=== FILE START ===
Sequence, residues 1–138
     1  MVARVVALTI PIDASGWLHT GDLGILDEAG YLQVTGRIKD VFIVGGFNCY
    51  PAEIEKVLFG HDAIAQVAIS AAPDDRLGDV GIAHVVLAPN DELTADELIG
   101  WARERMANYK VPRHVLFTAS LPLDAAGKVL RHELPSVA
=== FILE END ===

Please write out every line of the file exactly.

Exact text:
Sequence, residues 1–138
     1  MVARVVALTI PIDASGWLHT GDLGILDEAG YLQVTGRIKD VFIVGGFNCY
    51  PAEIEKVLFG HDAIAQVAIS AAPDDRLGDV GIAHVVLAPN DELTADELIG
   101  WARERMANYK VPRHVLFTAS LPLDAAGKVL RHELPSVA